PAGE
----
Based on the novel World War Z: An Oral History of the Zombie War by Max Brooks, the Marc Forster (Monsters Ball, Quantum of Solace) directed film bears little to no resemblance to the book. While the novel was essentially a collection of short stories told by a group of survivors, the film strictly follows Brad Pitt’s character as he globe-trots attempting to find the source of the zombie outbreak. What we get is an action movie with fast moving zombies that in no way resembles a horror film. My biggest fear going into this film is that I wouldn’t be able to separate the film from the novel. What is on screen is so different than the novel that it was easy to separate the two; they are completely different monsters.
After a tense beginning in which Gerry and his family are attempting to get to a UN helicopter, Gerry finds himself recruited back into the UN to help a Doctor discover the cause of the outbreak. When the Doctor shoots himself in the head (ala White Boy Bob in Out of Sight), he takes it upon himself to complete the mission. From South Korea, to Jerusalem, to Great Britain, Gerry finds himself involved in action packed moments throughout this beginning of the zombie war.
Gerry agrees to be recruited back into the UN to save his family. This is one part of the film that I liked a lot. After being rescued by the UN helicopter, him and his family are flown to an aircraft carrier. There, he is told that only essential personnel are allowed to stay onboard. If he doesn’t work with them, him and his family are going to be sent back to the mainland to fend for themselves. Basically, he is blackmailed into rejoining the UN. Once they think he is dead, though, they promptly ship his family off to a refugee camp in Nova Scotia. It’s a pretty harsh concept, but it actually seems logical.
In the beginning of the film, as they are attempting to get to the chopper, they meet a Mexican family in an abandoned apartment complex. The family allows them to stay with them for a little while while waiting for the chopper. Gerry tries to talk the family into leaving with them, but the father refuses. As Gerry and his family are heading upstairs, they are joined by the young son of the Mexican family, who they rescue and take in as one of their own. This really made no sense. You get a glimpse of the Mexican father holding the door as it is slammed against, but the film never actually tells you what happened. Were they killed? Were they turned? How did the boy get away? Or did he just leave his family there and run to Brad Pitt? This is just one of the many leaps of logic you are expected to take as you make this journey with Gerry. And there are plenty more, though I won’t ruin every one of them here.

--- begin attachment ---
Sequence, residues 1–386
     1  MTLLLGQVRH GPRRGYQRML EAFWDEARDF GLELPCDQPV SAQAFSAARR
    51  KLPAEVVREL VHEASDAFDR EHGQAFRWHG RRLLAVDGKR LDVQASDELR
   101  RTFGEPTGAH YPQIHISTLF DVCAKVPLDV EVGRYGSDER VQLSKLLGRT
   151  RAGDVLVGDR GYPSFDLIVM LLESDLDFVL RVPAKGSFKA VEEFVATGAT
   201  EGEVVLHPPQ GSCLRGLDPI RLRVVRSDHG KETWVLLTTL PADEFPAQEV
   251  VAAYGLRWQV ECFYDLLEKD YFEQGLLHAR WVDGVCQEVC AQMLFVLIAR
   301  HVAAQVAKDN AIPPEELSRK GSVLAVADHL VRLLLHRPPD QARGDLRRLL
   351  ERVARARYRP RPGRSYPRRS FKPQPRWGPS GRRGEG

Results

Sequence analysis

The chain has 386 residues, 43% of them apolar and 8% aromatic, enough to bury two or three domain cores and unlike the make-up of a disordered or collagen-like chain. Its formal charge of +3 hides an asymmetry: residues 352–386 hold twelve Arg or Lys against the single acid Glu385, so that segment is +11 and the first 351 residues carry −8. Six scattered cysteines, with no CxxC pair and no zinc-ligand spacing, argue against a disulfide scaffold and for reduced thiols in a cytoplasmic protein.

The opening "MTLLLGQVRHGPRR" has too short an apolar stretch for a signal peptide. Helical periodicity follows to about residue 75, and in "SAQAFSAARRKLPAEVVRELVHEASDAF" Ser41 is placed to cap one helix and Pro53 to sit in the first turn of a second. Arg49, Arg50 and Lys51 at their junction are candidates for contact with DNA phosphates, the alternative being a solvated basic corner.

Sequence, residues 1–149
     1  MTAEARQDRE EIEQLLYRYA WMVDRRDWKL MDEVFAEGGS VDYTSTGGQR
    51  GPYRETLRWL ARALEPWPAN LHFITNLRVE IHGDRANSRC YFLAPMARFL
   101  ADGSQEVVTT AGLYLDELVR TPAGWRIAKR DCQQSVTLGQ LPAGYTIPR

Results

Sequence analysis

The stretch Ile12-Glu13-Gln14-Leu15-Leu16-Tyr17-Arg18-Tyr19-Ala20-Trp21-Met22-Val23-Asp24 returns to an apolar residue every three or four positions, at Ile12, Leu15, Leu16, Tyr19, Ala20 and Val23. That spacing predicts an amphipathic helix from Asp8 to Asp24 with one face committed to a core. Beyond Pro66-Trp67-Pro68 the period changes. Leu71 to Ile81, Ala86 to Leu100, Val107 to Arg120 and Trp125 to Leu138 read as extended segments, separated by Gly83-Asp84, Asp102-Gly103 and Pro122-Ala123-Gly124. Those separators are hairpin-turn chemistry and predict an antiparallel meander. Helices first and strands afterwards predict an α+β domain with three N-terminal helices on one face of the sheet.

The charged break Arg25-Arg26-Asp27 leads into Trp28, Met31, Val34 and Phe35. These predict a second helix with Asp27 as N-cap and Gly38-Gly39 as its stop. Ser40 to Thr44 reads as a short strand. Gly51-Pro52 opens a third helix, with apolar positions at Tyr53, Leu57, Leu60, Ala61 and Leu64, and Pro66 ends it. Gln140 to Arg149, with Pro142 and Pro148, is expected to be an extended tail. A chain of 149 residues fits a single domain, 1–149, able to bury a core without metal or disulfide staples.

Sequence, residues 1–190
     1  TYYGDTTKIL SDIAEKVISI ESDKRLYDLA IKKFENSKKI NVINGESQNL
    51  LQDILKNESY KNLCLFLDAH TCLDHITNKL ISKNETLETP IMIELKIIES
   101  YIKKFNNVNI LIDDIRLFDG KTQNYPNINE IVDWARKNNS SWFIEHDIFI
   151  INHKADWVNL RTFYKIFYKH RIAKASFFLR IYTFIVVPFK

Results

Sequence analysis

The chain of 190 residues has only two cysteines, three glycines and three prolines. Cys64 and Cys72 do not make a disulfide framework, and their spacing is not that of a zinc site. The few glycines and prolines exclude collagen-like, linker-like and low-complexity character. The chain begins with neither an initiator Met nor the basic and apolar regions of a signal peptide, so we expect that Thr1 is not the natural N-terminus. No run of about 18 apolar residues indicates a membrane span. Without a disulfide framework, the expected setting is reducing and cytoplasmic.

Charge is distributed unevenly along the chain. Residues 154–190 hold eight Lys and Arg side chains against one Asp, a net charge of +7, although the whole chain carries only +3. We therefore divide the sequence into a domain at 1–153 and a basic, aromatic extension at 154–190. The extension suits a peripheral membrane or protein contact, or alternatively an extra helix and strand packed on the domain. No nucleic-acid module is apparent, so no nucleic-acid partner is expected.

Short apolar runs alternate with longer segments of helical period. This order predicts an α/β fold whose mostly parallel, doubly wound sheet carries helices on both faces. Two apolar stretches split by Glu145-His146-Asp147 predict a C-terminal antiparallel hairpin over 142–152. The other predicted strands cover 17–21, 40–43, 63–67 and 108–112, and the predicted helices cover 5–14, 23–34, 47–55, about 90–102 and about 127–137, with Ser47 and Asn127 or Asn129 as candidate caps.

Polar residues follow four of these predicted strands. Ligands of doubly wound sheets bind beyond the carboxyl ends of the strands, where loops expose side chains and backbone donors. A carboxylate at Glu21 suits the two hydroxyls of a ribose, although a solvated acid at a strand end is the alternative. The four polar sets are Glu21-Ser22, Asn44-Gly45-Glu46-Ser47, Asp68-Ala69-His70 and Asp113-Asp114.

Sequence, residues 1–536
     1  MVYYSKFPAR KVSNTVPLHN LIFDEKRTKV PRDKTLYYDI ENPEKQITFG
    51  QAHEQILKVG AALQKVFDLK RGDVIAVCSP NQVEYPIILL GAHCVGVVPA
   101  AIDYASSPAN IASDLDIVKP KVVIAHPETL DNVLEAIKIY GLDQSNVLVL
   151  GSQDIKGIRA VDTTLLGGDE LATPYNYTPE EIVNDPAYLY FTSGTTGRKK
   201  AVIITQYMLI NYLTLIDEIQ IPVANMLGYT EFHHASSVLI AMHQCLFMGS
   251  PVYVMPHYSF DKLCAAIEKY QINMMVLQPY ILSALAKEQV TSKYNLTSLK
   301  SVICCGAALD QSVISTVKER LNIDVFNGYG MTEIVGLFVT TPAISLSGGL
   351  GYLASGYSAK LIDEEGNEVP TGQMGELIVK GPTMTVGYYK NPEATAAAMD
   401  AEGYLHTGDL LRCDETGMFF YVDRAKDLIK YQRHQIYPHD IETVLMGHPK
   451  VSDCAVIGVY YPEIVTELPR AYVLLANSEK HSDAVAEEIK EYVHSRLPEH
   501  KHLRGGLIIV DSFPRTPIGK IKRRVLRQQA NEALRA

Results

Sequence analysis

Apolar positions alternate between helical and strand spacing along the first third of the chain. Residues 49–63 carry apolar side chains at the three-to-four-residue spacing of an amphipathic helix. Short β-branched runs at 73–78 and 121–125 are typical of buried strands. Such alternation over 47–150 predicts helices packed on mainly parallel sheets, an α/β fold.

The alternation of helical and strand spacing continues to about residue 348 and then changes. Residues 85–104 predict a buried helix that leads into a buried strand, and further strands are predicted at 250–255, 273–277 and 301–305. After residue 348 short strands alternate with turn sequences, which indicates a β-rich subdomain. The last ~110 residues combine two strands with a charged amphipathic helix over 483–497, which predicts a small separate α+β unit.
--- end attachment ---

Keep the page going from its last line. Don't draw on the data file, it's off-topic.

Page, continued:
Another problem I had with the film was the lack of characterization. You are given a couple minutes in the beginning of the film to get to know Gerry, his wife, and his daughters, then the film completely devolves into a mostly mindless action fest. You never really get to know any of the characters or supporting characters. When visiting Jerusalem, Gerry is escorted by Israeli military. One young girl gets bitten, Gerry chops her arm off (in a completely gore-less scene), and drags her onto the last plane out of the city as it is being overrun by the zombies. She is then attached to him like a little lost puppy. The rest of the film, he has this one-armed young Israeli soldier following him around, much like the little Mexican boy is attached to his wife. I suppose he just needed a sidekick; a Robin to his Batman, if you will. Personally, if a dude cut off my arm, I wouldn’t be super thrilled with him after that, let alone put myself in danger to help him out.
While it seems that I have been tearing this movie apart, I have to admit that I did actually like it more than I expected. I really went in expecting to hate every minute of this movie. I found myself glued to the screen for the 2 hour runtime. The things I have described above are just nitpicks. The film is entertaining as long as you don’t think about it too much. Let’s get on to the really big problem with the movie though, shall we?
Ok, here’s where the film really falls apart though. It is not a complete film. While we have a generalized beginning of the zombie outbreak, we never have an ending. After his travails in the W.H.O. (World Health Organization) laboratory, Brad Pitt is reunited with his family in Nova Scotia. We get a voice-over where he says that the war is only just begun, but we have bought ourselves some time. That is not at ending. It is a clear set up for a sequel. And it’s completely bunk. Essentially, you watched Gerry Lane run around the world to figure out that zombies don’t attack sick people. Really? That’s it? 2 hours of running around to find that out? The ending of the film almost ruins the entire thing. Argh.
World War Z is not a great film. It is not terrible and it is infinitely more enjoyable as long as you don’t think about it afterwards. Take it for what it is. A popcorn flick with zombies and no blood. While I enjoyed it while watching it, I have found that it falls apart when you think about it.
**1/2 out of ****
BIZZAM!! Fun Facts!
- Peter Capaldi, the new Doctor Who, appears in the movie. What is he billed as in the credits? W.H.O. Doctor. I shit you not. He wasn’t announced as the newest Doctor until a couple months after the film was released.
- Damon Lindelof and Drew Goddard were called in to re-write the 3rd act of the film.
- Matthew Fox, known for his role as Jack on Lost, originally had a larger role in the film. He was to be set up as the villain for the sequel. Due to rewrites, though, he has only 5 lines of dialogue in the finished film and he’s a ‘blink and you miss him’ character.